Cruz Bustamante, Democrat

Workers’ Comp:
Supported bills attempting to fix California’s broken workers’ compensation system. Is not interested in rolling back worker benefits, but willing to sit down with employers to make the system more efficient.

Regulation: Believes SB2 is one of the most important pieces of legislation passed this year for providing one million working Californians with health care. Backs a living wage that requires companies that do business with the state to pay employees $10 an hour if they supply workers with health insurance, $12 if they do not.

Immigration: “If people work hard to pay taxes and obey the law, they should be allowed to apply for a driver’s license.”

Economy: Has stated the road to economic freedom is education. Is firmly against the recall.

Peter Camejo, Green Party

Workers’ Comp:
Supports a Canadian-style health care system that puts the onus on the state to provide health insurance through taxation. System would remove companies and insurance providers from the equation and eventually eliminate the need for workers’ compensation insurance.

Regulation: Believes SB2 is a short-term solution and not necessary if the Canadian-style health care reform is implemented.

Immigration: Believes people living and paying taxes in California cannot be denied normal status.

Economy: Would support regional minimum wage based on living expenses. Concedes this wage would, in some areas, be $10 an hour. Has stated each minimum-wage increase has stimulated the economy through increased spending.

Gov. Gray Davis, Democrat

Workers’ Comp:
Signed workers’ comp legislation that would rein in $5 billion to $6 billion annually with fee caps to health care providers and pharmaceutical spending and reduced treatment to injured workers.

Regulation: Undecided about SB2, a bill that would mandate companies with 50 or more employees to pay for their health insurance.

Immigration: Signed SB60, the bill that allows illegal immigrants to have driver’s licenses.Economy: Wants to reduce spending and seek revenue increases, which can mean tax hikes for upper-income earners and on cigarettes and alcohol. Against raising homeowners’ property taxes.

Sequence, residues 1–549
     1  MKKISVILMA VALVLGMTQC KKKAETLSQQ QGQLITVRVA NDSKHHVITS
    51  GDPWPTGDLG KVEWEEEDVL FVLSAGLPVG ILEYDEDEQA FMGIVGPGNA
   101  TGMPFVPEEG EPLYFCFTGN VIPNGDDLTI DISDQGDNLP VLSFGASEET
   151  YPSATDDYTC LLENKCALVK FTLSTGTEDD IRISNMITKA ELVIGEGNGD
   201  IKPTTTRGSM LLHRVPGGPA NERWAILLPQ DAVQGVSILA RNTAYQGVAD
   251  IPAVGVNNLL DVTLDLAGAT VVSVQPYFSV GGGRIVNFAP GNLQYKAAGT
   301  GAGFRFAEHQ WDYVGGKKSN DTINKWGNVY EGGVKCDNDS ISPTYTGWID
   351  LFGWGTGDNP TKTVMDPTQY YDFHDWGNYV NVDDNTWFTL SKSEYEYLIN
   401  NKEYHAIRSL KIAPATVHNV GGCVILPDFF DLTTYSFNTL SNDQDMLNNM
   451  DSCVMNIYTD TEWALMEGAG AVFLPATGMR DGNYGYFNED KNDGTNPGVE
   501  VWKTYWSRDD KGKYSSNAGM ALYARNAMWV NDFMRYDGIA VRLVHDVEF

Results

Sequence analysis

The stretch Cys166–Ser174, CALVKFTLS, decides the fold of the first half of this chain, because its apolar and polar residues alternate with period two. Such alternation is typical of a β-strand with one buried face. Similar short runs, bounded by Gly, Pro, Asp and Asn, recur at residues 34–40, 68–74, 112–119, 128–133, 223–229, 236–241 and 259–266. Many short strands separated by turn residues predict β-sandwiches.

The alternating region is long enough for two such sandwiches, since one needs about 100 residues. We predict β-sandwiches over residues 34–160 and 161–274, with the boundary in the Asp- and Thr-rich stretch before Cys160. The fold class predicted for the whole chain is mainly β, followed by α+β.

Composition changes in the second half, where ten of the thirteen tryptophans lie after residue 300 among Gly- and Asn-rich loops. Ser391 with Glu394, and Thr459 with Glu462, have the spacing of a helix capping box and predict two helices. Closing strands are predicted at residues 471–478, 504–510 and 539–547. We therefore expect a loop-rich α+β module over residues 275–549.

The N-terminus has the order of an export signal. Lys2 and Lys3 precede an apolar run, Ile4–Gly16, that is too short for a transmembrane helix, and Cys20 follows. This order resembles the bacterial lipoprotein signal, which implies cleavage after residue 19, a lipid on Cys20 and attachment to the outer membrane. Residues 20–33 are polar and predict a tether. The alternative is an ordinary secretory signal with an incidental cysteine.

Arianna Huffington, Independent

Workers’ Comp:
Believes the recently passed reform bills are not enough. Wants to sit down with businesses to streamline the system.

Regulation: Against SB2 because it is potentially difficult for small businesses and does not contain necessary cost controls. In favor of a living wage because California is the richest state in the richest country in the world, with four million people living below the poverty line and six million people without health insurance.

Immigration: An immigrant herself, has empathy for the immigrant experience. In favor of driver’s licenses for undocumented immigrants.

Economy: Believes in closing corporate tax loopholes that would turn into billions of dollars of tax revenue the state is currently not receiving.

State Sen. Tom McClintock, Republican

Workers’ Comp:
Wants the legislature to pass Arizona’s workers’ compensation law, slashing workers’ comp costs by two-thirds and reversing the exodus of jobs.

Regulation: Opposed to SB2; would introduce a refundable tax credit on a sliding economic scale and give choices for affordable health plans. Wants government out of the way so entrepreneurs can start and maintain thriving businesses.

Immigration: A big proponent of legal immigration, wants to get the illegal aspect under control.

Economy: Against tax hikes, would rescind the tripling of the state’s car tax. Would streamline duplication among departments and introduce competitive bidding for state services to save an estimated $15 billion.

Arnold Schwarzenegger, Republican

Workers’ Comp:
Won’t sign a budget without workers’ compensation reform. The fix? Reduce litigation, establish guidelines for disability, control health care costs and increase worker benefits.

Regulation: With economic input from Warren Buffett and former secretary of state George Shultz, would rectify workers’ compensation, address high energy costs, curb lawsuits and review every regulation adopted since January 1999.Immigration: Seeks to increase federal reimbursements for costs, such as providing public services to undocumented immigrants. Opposes SB60, the new state law that would give illegal immigrants California driver’s licenses.

Economy: Opposed to raising taxes and plans to restore the state’s credit rating and restore investor confidence in California as a place for job creation.

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